Cops seek ritual killer during pandemic; violence, language.
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A Lot or a Little?
The parents' guide to what's in this movie.
What Parents Need to Know
Parents need to know that Infiesto (the title means "plague" in Spanish) follows two police detectives as they desperately search for a serial kidnapper and killer before more victims are attacked. The action is set in a rainy, dark, gloomy Spanish town at the onset of the pandemic when the country is sent into lockdown. People die of COVID, gunshots, suicide, and ritual killings. A suspect is badly beaten and shot in the leg to induce him to identify another killer. Language includes "f--k," "s--t," "ass," "hell," "damn," "bastard," "get laid," "bitch," and "balls." References are made to possible sexual components of the crimes. Someone refers to a "hippie" cult where members smoked "weed." A suspect is caught growing marijuana illegally. In Spanish with English subtitles.
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What's the Story?
Castro (Iria del Rio) and Garcia (Isak Ferriz) are two workaday police detectives who catch a kidnap/murder case that becomes more urgent as they race to save future possible victims. INFIESTO is set in the early days of the pandemic when hospitals were swamped and Spain first went into lockdown. There are no vaccines or cures and everyone is flying blind, an apt metaphor for the detectives' investigation. A beaten, barefoot teen girl is found, having escaped her kidnapper-torturer, and soon a pattern of missing young people emerges, which leads the officers to a cult of psychopathic ritual killers who work on an equinox schedule. As spring approaches, time is of the essence. The investigators, who bend the rules, work when suspended, ignore quarantine, and torture a suspect, juggle the pressure to solve the case with worry about loved ones isolated with COVID.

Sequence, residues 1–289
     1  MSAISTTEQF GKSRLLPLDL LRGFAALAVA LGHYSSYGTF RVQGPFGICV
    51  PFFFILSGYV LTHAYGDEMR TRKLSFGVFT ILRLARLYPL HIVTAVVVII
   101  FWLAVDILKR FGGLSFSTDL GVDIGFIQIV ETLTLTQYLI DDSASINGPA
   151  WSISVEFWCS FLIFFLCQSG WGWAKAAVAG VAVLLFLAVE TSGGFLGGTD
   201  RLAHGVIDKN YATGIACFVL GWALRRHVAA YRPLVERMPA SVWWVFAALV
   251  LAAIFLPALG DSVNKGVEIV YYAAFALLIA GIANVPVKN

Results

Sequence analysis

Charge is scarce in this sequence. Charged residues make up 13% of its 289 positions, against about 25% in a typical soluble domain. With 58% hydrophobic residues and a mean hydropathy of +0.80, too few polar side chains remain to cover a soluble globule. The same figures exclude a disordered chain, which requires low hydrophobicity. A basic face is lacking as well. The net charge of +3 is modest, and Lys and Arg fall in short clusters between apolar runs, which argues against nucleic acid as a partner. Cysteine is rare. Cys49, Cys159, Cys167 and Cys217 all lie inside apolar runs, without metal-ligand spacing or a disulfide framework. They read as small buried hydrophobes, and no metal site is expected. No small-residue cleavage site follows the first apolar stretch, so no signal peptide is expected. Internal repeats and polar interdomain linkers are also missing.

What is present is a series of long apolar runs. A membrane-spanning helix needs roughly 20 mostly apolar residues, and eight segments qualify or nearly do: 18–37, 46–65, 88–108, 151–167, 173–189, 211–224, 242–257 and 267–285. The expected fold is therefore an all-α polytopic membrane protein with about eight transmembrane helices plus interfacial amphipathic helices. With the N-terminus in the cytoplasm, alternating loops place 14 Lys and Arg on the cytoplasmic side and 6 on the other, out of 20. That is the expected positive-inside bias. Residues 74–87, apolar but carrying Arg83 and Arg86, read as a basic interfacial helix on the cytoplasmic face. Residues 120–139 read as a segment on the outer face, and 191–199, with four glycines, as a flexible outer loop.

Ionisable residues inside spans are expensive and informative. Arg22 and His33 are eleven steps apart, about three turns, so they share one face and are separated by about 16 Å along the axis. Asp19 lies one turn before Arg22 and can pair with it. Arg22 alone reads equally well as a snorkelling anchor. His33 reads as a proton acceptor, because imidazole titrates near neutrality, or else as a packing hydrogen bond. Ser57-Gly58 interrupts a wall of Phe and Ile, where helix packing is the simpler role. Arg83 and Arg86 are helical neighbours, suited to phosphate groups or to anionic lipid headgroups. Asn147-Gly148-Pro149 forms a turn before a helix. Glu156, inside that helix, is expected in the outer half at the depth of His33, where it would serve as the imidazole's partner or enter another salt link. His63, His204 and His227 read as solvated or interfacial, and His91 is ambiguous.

Is It Any Good?
Infiesto is an involving, if somewhat familiar, creepy, unsettling serial killer story and, like others in the sub-genre, part police procedural and part horror movie. The sets, locations, clothes, and faces are all variations on the same gray-green palette, soaked in rain, with thunder shouting pessimism, doom, and unavoidable horror ahead. The choices are deliberate, creating a kind of color version of film noir, complete with the dread and fear of annihilation.
The procedural part is oddly messy -- the cops obliviously trample one crime scene after another with nary a forensic glove in sight, as if noir's retro post-war era is where we've been sent by the pandemic. That unreality is unleashed in the last ten minutes when a cop makes idiotic moves that no sane officer would ever make. No matter what the police do to rid the world of psychopathic murderers, we hear the refrain, "This is just the beginning." And that phrase seems to refer to a violent and inevitable end for all of us. At the same time we are dragged into the world of cults and ancient Celtic beliefs regarding the end of the world, the early stage of a pandemic rages. People are dying day and night. The movie suggests there might be a connection between the two.
Talk to Your Kids About ...
Families can talk about what the filmmakers were trying to convey through dark colors, sets, locations, and lighting.
What role does the pandemic play in setting the mood?
The pandemic is at its beginning, before vaccines, treatments, and widespread masking. How does knowing more about the pandemic than the characters know color the audience's view of the movie?
- On DVD or streaming: February 3, 2023
- Cast: Isak Férriz, Iria del Río, Juan Fernandez
- Director: Patxi Amezcua
- Studio: Netflix
- Genre: Thriller
- Run time: 96 minutes
- MPAA rating: NR
- Last updated: February 17, 2023
Our Editors Recommend
Great hardboiled detective film is very violent.
Dense, tangled period cop drama for adults.
Powerful but violent thriller -- not for kids.
Grim, slick, shocking thriller. Older teens only.
For kids who love thrills and horror
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